Prostate cancer screening:
to get or not to get PSA testing?
Making sense of the USPSTF recommendation
(October 14, 2011)
September was prostate cancer awareness month. Prostate cancer screening including a PSA test and digital rectal examination was advocated starting at age 40-50 depending on risk factors and continuing annually in men with a 10 year life expectancy.
A draft of the USPSTF (United States Preventative Services Task Force) recommendation was made public late last week and full recommendation will be published this week in regards to prostate cancer screening. The draft argues against PSA (prostate specific antigen) screening in healthy men. The same task force, which is a US government backed panel of primary care physicians, mostly academics, made a controversial recommendation against screening mammogram in certain women back in 2009. The concern is that government and private insurers use these recommendations to make decisions on what to cover and not cover for screening and treatment purposes of a disease entity. Because of the public and political outcry, Medicare ultimately decided to cover screening and treatment of breast cancer in this group of patients.
PSA is a protein that is specific to prostate and passively makes its away into the bloodstream and can be detected by a simple blood draw. It is an indicator of how the prostate is behaving. PSA level can be elevated for many reasons and therefore is not very specific. However, it is the best/ cheapest surrogate marker that we have. PSA levels can rise because of infection, inflammation, ejaculation, as we age or because of cancer. What the PSA level provides is an indicator that brings our attention to the prostate and may prompt further workup or treatment, including antibiotics, biopsy, etc.
With the FDA approval of PSA in the1980’s and widespread use for screening in 1990’s, we are now detecting prostate cancer at early stages where there are more treatment options available. Thanks to successful screening efforts (including PSA and digital rectal exam), nowadays we rarely see men present with widely metastatic disease as they did 20 years ago.
The prostate cancer death rate has decreased by 33% in the last 15 years, according to the American Cancer Society (ACS). Remarkably, this reduced prostate cancer mortality rate during the "PSA era" is not even contemplated in the USPTS draft report, which instead, focused solely on the smaller comparative studies.
So why all the controversy?
In the era of record deficits and needed cost cutting measures in government spending, including a desire for reduced healthcare spending, a recommendation such as this may be attractive, clearly decreasing utilization of complex healthcare resources by prostate cancer patients. Over the longer term though, abandonment of early detection and appropriate treatment potentially pushes us back to where we were 20 years ago - a time when prostate cancer patients routinely presented with advanced bone metastases, terminal spine pain, kidney failure, paralysis and slow wasting - an excruciating price.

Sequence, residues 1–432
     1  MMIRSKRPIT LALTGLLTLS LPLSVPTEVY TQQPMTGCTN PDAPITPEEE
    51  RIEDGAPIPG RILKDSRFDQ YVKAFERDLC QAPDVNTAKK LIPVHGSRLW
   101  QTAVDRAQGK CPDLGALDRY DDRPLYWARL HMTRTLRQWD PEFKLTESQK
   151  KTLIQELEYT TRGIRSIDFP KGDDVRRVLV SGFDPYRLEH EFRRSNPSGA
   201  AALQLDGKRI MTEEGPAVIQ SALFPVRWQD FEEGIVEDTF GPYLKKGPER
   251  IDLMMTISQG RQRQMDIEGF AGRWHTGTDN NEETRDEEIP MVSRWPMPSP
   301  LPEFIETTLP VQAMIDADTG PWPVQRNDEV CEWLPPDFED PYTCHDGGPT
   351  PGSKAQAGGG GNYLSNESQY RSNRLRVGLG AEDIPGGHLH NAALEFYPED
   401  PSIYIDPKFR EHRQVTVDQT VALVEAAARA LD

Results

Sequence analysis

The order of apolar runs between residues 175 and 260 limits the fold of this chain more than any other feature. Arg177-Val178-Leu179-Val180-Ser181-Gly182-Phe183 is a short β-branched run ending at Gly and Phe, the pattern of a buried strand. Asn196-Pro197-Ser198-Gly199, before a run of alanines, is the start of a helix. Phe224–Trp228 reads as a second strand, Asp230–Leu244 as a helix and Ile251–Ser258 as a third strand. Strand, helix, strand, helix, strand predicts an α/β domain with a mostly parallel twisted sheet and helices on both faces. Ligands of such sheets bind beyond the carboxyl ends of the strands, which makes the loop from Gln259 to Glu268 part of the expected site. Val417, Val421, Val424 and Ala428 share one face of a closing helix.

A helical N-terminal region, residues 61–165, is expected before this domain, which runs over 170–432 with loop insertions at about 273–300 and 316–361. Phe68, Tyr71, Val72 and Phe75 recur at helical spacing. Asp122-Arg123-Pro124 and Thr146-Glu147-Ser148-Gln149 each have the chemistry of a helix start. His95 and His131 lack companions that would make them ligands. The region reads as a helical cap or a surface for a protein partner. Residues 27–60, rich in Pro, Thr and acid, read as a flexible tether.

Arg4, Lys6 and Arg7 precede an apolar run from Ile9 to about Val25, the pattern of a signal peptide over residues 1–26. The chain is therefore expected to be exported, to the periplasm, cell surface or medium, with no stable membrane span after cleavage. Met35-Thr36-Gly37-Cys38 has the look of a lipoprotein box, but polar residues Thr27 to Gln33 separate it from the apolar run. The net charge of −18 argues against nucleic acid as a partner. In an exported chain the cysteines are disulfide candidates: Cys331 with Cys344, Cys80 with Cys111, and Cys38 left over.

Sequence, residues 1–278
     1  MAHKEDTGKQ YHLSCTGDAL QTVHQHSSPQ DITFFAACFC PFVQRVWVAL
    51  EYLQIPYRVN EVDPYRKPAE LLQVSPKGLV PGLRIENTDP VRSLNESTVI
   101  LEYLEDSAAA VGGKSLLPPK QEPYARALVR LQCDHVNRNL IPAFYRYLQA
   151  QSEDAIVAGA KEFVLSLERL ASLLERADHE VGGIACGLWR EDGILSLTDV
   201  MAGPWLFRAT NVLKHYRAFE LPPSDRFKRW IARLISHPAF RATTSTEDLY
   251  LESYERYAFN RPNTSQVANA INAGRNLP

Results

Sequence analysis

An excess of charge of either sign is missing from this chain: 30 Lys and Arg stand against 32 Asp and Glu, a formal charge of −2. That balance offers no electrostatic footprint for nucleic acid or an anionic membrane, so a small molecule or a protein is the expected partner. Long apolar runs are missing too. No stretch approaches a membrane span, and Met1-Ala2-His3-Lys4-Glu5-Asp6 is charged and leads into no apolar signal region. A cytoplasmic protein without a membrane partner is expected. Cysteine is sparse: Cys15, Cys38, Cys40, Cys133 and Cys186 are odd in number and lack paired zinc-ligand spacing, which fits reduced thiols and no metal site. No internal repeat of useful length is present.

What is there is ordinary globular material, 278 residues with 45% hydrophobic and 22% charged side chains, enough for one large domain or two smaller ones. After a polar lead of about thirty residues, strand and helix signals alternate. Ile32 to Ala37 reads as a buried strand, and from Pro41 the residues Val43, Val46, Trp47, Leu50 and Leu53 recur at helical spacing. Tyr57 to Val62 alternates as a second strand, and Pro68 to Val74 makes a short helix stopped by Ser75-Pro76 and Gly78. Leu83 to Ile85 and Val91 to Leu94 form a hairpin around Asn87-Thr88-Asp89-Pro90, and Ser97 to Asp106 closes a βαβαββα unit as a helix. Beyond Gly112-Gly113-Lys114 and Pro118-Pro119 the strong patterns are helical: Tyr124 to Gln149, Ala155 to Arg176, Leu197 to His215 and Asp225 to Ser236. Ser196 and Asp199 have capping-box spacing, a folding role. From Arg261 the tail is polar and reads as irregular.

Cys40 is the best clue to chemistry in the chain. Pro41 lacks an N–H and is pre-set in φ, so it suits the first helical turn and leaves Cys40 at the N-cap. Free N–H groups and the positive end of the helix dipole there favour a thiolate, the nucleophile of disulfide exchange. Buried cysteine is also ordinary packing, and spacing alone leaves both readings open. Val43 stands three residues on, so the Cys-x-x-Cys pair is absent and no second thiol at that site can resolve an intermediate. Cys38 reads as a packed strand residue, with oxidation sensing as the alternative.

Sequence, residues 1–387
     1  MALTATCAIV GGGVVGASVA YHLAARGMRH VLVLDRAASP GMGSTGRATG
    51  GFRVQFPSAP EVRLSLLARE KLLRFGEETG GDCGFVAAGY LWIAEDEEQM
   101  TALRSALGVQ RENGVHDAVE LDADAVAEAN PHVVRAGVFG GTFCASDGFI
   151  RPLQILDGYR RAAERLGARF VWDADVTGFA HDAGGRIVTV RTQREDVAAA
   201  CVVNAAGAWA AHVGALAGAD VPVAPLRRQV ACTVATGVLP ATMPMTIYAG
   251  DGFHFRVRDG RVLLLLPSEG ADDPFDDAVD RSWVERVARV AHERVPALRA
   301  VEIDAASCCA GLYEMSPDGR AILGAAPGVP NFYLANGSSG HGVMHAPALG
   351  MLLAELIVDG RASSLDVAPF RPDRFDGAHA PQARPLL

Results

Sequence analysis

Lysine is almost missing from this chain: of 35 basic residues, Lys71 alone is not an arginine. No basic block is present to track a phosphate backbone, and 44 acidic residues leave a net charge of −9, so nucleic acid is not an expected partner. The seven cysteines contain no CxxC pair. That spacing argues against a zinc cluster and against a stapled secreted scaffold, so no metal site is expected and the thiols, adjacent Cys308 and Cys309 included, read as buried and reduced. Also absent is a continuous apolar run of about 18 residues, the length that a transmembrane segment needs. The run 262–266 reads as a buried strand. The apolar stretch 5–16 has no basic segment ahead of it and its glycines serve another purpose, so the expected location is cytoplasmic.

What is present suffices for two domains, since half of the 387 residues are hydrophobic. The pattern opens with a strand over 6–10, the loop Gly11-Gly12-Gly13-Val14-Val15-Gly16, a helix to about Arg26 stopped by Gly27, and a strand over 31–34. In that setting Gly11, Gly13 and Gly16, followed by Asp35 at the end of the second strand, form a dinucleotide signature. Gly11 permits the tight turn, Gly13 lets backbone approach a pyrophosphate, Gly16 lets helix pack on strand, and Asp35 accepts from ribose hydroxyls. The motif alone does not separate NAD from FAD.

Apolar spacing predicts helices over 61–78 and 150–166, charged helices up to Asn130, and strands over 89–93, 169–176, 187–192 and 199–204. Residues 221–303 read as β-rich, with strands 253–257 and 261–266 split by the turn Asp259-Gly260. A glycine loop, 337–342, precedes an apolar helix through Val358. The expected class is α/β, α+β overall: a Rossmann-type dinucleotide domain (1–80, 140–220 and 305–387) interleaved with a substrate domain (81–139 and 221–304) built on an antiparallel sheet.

There were five studies that the task force looked at for screening for prostate cancer. Many of them were flawed in design and some were just misinterpreted. In fact the largest, a European study of 182,000 people in 7 countries, actually showed a 20% reduction in prostate cancer death in the screening group. The Göteborg study showed an even more impressive 44% cancer death reduction in the PSA screened group. The same studies were reviewed by American Cancer Society and American Urologic Association (AUA) and different conclusions and recommendations have been reached. AUA recommends screening to start at age 40, and American Cancer Society recommends screening to be considered starting at age 40-50 depending on risk factors of men who have 10 years life expectancy.
The task force argues that since prostate cancer is a slow-growing disease, and in many instances patients may never run into trouble from their prostate cancer in their lifetime, they have made this recommendation against PSA screening. They also cite the potential of possible side effects associated with any treatment for Prostate Cancer. In fact, studies have shown that for every 12 - 48 prostate cancer patients treated, depending upon their specific age and risk factors, one added life is saved.
So, I guess the question really becomes how much is one life worth?
There is a triangle in delivering healthcare:
- 1-Cost: How much the insurers are willing to pay for services rendered.
- 2-Coverage: How many people we are willing to cover under the plan.
- 3-Quality: What level of care/quality we are comfortable accepting.
We can easily get two out of three corners covered but covering the third corner may, and often is, compromised.
To get or not to get a PSA testing?
Prostate cancer screening consideration including a PSA test, and digital rectal examination starting at age 40-50 (depending on risk factors) and continuing annually on men with a 10 year life expectancy is what I am recommending to my patients and primary care colleagues. As long as we as physicians and our patients are educated and fight for the level of care the patient expects to receive, I am hopeful.Reza Shirazi, MD, DABR
Chairman of leadership council of American Cancer Society, San Diego
Cancer liaison physician at Alvarado Hospital, CoC of American College of Surgeons
Member of cancer committee at Palomar and Pomerado hospitals
Radiation Oncologist at Genesis Healthcare Partners